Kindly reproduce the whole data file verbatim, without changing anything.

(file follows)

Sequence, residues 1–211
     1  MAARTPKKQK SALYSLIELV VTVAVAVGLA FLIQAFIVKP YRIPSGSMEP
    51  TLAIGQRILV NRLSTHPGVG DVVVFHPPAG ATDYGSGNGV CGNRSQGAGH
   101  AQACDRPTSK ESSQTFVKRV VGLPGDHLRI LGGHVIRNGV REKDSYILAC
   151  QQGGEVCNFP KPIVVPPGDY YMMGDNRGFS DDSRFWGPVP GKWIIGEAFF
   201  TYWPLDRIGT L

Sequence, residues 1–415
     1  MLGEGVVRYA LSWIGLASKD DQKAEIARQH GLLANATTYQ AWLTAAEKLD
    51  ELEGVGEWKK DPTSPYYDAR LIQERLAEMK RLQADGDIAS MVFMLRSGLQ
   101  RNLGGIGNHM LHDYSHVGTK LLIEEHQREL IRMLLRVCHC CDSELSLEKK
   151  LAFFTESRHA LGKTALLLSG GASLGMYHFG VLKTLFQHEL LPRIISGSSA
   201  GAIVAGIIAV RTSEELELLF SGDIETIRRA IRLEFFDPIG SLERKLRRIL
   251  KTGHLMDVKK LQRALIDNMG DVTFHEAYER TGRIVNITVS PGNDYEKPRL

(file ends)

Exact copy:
Sequence, residues 1–211
     1  MAARTPKKQK SALYSLIELV VTVAVAVGLA FLIQAFIVKP YRIPSGSMEP
    51  TLAIGQRILV NRLSTHPGVG DVVVFHPPAG ATDYGSGNGV CGNRSQGAGH
   101  AQACDRPTSK ESSQTFVKRV VGLPGDHLRI LGGHVIRNGV REKDSYILAC
   151  QQGGEVCNFP KPIVVPPGDY YMMGDNRGFS DDSRFWGPVP GKWIIGEAFF
   201  TYWPLDRIGT L

Sequence, residues 1–415
     1  MLGEGVVRYA LSWIGLASKD DQKAEIARQH GLLANATTYQ AWLTAAEKLD
    51  ELEGVGEWKK DPTSPYYDAR LIQERLAEMK RLQADGDIAS MVFMLRSGLQ
   101  RNLGGIGNHM LHDYSHVGTK LLIEEHQREL IRMLLRVCHC CDSELSLEKK
   151  LAFFTESRHA LGKTALLLSG GASLGMYHFG VLKTLFQHEL LPRIISGSSA
   201  GAIVAGIIAV RTSEELELLF SGDIETIRRA IRLEFFDPIG SLERKLRRIL
   251  KTGHLMDVKK LQRALIDNMG DVTFHEAYER TGRIVNITVS PGNDYEKPRL